Oh wait, that was WUWT's point. Silly me.

dan satterfield said...

Willi Dansgaard's book talks about this in some detail as well. Frozen Annals-

Martin Vermeer said...


that picture is too simple.

There has always been precipitation, ice flow, melting and calving. Before AGW, the processes were in rough balance, and a particle of fallen snow would "flow" to the sea following a roughly hyperbolical trajectory over thousands of years.

It's really no different from a mountain glacier: above the equilibrium line it collects snow, below, it melts away, but the general shape of the glacier stays the same due to ice flow. A continental ice sheet behaves in the same way, but is seriously huge.

You can see this in ice cores: the deeper you go, the thinner the year rings become, as the ice flows outward toward the coasts, every layer naturally has to thin. And if you want an ice core with a long history, you need to drill at the summit, so the net sideways flow of the ice is minimal.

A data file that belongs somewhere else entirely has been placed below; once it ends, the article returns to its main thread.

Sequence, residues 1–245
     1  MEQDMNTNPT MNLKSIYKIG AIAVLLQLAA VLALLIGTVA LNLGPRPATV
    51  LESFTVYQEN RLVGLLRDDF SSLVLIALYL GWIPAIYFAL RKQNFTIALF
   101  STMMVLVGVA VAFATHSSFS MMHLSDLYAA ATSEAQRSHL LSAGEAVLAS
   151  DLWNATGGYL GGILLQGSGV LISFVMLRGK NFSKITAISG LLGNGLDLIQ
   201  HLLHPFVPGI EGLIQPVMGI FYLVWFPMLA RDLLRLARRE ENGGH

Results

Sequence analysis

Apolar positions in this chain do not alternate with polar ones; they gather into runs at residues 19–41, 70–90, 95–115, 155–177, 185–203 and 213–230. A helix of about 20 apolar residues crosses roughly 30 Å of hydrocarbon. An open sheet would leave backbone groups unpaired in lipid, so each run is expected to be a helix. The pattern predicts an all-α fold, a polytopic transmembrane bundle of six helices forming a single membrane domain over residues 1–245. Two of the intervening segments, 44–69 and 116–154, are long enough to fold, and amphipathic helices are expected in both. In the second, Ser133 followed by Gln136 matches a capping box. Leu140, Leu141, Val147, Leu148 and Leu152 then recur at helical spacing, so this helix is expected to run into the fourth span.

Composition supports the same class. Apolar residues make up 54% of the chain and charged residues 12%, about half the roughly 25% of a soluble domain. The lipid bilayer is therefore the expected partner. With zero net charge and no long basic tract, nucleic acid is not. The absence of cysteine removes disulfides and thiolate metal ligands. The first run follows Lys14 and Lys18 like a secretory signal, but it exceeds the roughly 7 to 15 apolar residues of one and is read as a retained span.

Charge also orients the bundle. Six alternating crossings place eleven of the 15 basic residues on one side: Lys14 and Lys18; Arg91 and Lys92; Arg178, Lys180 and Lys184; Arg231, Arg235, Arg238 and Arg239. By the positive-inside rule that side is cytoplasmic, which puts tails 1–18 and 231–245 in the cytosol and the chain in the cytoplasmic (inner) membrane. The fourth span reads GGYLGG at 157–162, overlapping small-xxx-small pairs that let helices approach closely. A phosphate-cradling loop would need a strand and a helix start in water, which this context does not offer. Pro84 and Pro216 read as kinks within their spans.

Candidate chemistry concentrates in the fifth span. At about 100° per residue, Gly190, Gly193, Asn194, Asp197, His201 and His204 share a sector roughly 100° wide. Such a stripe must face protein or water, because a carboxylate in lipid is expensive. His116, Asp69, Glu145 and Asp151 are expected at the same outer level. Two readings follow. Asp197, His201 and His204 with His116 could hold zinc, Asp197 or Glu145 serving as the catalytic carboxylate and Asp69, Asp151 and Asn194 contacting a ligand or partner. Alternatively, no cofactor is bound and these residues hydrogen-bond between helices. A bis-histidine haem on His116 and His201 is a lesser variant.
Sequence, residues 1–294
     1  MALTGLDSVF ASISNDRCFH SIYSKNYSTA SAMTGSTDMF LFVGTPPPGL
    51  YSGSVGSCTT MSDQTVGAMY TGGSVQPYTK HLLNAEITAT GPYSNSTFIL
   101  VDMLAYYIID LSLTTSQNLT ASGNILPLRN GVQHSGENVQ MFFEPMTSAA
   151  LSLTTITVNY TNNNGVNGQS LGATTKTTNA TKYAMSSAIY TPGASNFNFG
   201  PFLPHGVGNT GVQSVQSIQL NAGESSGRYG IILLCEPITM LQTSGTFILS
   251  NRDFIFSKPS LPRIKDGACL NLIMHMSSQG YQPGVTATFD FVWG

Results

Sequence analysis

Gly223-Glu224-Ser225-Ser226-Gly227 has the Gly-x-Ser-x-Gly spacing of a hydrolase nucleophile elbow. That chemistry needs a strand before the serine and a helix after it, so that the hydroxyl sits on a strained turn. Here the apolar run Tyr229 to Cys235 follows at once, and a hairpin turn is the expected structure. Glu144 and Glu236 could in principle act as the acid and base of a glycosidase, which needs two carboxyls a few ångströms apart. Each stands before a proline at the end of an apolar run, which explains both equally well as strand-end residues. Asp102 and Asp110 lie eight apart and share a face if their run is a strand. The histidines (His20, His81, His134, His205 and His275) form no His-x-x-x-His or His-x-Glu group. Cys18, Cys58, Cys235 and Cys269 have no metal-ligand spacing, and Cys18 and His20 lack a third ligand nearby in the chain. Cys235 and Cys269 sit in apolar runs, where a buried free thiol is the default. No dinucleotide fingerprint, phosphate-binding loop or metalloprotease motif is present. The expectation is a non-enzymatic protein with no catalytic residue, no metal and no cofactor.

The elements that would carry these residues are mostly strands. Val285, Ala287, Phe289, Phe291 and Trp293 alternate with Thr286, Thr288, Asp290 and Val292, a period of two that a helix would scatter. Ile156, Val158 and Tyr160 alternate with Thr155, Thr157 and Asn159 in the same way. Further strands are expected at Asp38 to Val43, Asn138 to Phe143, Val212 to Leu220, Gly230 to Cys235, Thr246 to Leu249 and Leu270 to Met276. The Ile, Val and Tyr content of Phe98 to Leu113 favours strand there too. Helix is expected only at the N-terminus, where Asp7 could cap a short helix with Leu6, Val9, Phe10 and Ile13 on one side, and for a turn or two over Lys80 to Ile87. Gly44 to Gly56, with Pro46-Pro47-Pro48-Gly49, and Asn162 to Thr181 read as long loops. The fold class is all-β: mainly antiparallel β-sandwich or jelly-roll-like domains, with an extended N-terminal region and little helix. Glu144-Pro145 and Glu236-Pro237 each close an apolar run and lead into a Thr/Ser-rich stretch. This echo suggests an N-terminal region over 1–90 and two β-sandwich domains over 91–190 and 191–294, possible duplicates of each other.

Eli, I don't think there is any surface melt even in summer at the elevations of the Dye sites (as this would make cores from the sites worthless). Except apparently where the station structure touches the snow.

Richard James said...


There is some melting at Dye 3 most years when the temperature gets above freezing. See Herron et al. 1981. But I don't think its sufficient to describe the surface as slush.

EliRabett said...

Richard, this is a blog, we exaggerate for a living, but you are right:)

Anonymous said...

"Richard, this is a blog, we exaggerate for a living, but you are right:)"

So much for facts.. Recent posts you have exaggerated about Wordpress and now "Quick Ice", anything else? I guess you should think about taking the word "not" out of your mini-bio on the top left of the page :-)

Celery Eater

Firebird said...

The USAF 17TAS Firebirds provided all airlift (only available transport) to the Dye sites from 1961 to 1975. For any further clarification you might contact the Firebirds historian via The USANG 109AW flew support missions since 1975, and still provides airlift support for National Science Foundation.

The sites were built in 1959 and 1960. By the early 1980s, the vertical I-beams had been extended up multiple times from the original base and became unstable, requiring a complete new base to be built for each site (Dye 2 & Dye 3 - Dye 1 and Dye 4 were on the coast).